Posts by tag: 1988

Honda September 29, 2015 posted by

Featured Listing: 1988 Honda VFR400R for Sale

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A precursor to the iconic NC30 that was a sort of "mini RC30," the VFR400R was powered by the a 399cc, gear-driven V4 and had the bigger model's same ELF-designed Pro-Arm single-sided swingarm. Visual differences compared to the later NC30 include a more conventional, street-bike styled single headlight and bodywork, along with four bolts to hold the rear wheel in place, instead of a single large hub nut.

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This earlier iteration of Honda's jewel-like V4 used a more conventional 180° crank, whereas later NC30 versions used a 360° "big bang" crank and firing order for improved traction and tire life. The 180° crank engine should sound a bit more like a conventional four, with combustion events spaced more evenly throughout each engine revolution. You still get the distinctive whine of the gear-driven cams fitted to these engines however.

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Although the small V4 isn't as manic at high revs as other 400cc four-cylinders, it should have a much wider powerband and still rev to a screaming 14,000rpm. Grunt is ultimately limited by the miniscule displacement, but handling is superlative and these were [and still are] very popular in the UK as track-day bikes, although the 18" rear wheel does limit tire choice somewhat.

1988 Honda VFR400R for sale on eBay

From the seller: 1988 Honda VFR400R for Sale

Imported legally this year from the UK with the idea of learning about  and testing the market as a possible business idea for the future.

When I received it, it would not idle, so, rather than clean the carbs, I opted for the more circuitous route and replaced the regulator/rectifier, coils, plugs, plug wires and battery as well as the starter solenoid for good measure. It ran better, but eventually I did clean the carbs and found the elusive idle.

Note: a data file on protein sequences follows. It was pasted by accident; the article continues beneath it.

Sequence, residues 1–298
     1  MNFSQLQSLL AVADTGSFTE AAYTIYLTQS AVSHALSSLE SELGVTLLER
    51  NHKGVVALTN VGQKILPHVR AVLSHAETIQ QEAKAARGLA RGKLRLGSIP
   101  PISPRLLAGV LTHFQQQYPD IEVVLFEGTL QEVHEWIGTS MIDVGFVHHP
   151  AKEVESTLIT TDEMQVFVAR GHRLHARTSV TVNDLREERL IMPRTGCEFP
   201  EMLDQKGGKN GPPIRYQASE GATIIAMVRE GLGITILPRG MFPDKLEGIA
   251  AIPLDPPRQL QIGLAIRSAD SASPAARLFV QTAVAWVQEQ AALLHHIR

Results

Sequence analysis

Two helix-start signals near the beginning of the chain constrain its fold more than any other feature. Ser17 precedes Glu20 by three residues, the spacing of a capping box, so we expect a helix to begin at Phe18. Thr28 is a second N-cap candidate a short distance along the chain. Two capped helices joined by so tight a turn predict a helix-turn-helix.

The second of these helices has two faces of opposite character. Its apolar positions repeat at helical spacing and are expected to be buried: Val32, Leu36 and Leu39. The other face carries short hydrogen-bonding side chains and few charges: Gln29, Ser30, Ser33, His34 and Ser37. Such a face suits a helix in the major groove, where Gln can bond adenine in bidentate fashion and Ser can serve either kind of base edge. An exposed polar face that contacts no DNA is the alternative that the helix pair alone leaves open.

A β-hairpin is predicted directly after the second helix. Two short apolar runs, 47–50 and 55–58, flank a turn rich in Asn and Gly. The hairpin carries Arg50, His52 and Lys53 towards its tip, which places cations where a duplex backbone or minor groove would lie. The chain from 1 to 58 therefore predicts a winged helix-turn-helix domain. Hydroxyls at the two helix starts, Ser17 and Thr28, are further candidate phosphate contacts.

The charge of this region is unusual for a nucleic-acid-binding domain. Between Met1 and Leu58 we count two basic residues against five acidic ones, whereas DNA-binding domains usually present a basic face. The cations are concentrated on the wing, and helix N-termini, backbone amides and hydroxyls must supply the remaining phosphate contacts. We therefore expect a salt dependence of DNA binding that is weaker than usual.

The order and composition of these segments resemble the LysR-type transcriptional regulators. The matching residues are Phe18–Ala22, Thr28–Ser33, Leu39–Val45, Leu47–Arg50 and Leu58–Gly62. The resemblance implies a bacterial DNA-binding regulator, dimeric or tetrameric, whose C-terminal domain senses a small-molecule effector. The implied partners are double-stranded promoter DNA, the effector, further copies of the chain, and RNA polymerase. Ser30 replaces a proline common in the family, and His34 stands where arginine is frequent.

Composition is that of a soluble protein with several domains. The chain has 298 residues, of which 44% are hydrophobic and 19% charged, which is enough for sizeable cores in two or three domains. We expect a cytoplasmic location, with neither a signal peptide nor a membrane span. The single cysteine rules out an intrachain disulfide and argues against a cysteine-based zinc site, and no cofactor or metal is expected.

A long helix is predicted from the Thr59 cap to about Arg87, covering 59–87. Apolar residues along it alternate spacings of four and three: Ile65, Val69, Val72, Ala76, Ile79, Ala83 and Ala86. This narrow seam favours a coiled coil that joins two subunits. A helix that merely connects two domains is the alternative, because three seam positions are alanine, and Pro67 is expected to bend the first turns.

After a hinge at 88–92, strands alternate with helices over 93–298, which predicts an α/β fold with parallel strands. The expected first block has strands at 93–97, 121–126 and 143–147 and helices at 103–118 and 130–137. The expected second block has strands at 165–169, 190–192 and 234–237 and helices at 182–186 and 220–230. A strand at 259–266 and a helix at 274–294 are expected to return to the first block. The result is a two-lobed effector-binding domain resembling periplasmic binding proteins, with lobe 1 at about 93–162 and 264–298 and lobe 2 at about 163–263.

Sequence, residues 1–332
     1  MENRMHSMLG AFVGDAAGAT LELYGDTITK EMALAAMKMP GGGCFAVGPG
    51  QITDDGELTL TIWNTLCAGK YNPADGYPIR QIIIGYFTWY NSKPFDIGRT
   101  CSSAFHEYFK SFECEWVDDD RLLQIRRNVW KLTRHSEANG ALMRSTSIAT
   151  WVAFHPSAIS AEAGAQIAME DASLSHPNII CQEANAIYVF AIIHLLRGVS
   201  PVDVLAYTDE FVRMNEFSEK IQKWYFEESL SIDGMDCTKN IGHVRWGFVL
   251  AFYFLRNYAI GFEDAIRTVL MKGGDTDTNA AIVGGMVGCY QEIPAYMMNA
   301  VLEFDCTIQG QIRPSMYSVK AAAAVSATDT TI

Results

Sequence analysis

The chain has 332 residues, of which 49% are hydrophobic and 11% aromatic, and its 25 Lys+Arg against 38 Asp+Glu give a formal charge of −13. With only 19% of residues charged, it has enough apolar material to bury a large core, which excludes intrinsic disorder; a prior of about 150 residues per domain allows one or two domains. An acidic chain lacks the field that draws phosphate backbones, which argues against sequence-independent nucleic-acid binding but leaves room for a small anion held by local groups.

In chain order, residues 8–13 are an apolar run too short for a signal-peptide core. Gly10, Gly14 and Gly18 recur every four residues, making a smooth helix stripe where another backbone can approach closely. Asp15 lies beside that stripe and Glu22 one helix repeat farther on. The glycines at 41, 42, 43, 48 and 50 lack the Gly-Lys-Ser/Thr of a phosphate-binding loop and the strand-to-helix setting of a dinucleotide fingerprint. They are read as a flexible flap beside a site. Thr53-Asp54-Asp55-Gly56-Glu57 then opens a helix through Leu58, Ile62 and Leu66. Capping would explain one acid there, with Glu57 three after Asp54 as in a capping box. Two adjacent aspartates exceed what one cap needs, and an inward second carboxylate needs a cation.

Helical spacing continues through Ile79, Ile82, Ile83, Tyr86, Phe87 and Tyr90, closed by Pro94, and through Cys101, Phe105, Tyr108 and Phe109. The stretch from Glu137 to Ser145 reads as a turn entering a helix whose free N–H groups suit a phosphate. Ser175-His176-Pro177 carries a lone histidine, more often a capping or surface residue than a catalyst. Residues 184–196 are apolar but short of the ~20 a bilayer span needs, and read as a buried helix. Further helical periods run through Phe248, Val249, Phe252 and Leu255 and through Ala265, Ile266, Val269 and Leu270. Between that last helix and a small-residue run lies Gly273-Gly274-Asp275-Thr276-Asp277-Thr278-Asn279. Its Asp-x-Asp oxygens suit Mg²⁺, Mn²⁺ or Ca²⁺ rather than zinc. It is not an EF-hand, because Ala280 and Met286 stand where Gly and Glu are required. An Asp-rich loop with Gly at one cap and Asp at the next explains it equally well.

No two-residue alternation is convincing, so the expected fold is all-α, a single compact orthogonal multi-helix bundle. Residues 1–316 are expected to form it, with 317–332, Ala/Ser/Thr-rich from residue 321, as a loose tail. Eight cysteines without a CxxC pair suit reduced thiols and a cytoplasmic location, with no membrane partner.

The motor is sweet. Whining gear whir and a really nice howling exhaust note as it revs from clutch out at about 3000 all the way up to a redline of 14,000. Smooth and very torque strong powerband all the way up.

Also, as stated in the eBay post, the bodywork is original and a little rough on the two lower panels. The tank and balance of the beautiful old plastic is pretty nice in a slightly weathered patina appreciators sort of way.

I would like to mention the scale. The bike is small, the clearances around the engine and really throughout are tight and favor the small of hand. But, I am 5'10" and do not reach the bum stop under most riding conditions, so the ergonomics are semi comfortable and definitely not cramped.

Overall, this is a very sound , fun ride without the overkill of a larger superbike. I had an S3 400 Kawasaki that would pop your arms straight on the power, but this 400 is faster and more controllable in getting there. Like a RD400 but more muscular and with a much broader powerband. Throttle feedback is really fine. Would make a thrilling track bike or a good rider.

1988 Honda VFR400R L Fairing

Designed mainly for the Japanese market, a good number found their way over to the UK where they were popular as grey-market or "parallel imports." This example is a bit rough around the edges, as the seller clearly indicates, but these are the original panels and 27 years and 28,000 miles means some scuffs and scrapes and minor cracks are to be expected.

1988 Honda VFR400R R Side

The VFR400R is very rare here in the US, meaning this should be of interest to Honda fans here looking to complete their V4 collections or track day riders more concerned with corner speed than top speed. All-in-all, this bike lacks the endurance-racer styling and raucous "big bang" engine of later versions, but still provides the basic handling goodness that made these so popular in the first place.

-tad

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Featured Listing: 1988 Honda VFR400R for Sale
Honda September 22, 2015 posted by

Arizona-Titled Two-Stroke: 1988 Honda NSR250R MC18 for Sale

1988 Honda NSR250R R Side

Here in the USA where torque, big, low-revving engines, and straight-line speed were the order of the day, corner-shredding 250cc race-replicas never stood a chance of being popular. But you always want what you can't have, so quite a cult has grown up around bikes like this little Honda NSR250R.

1988 Honda NSR250R L Side Detail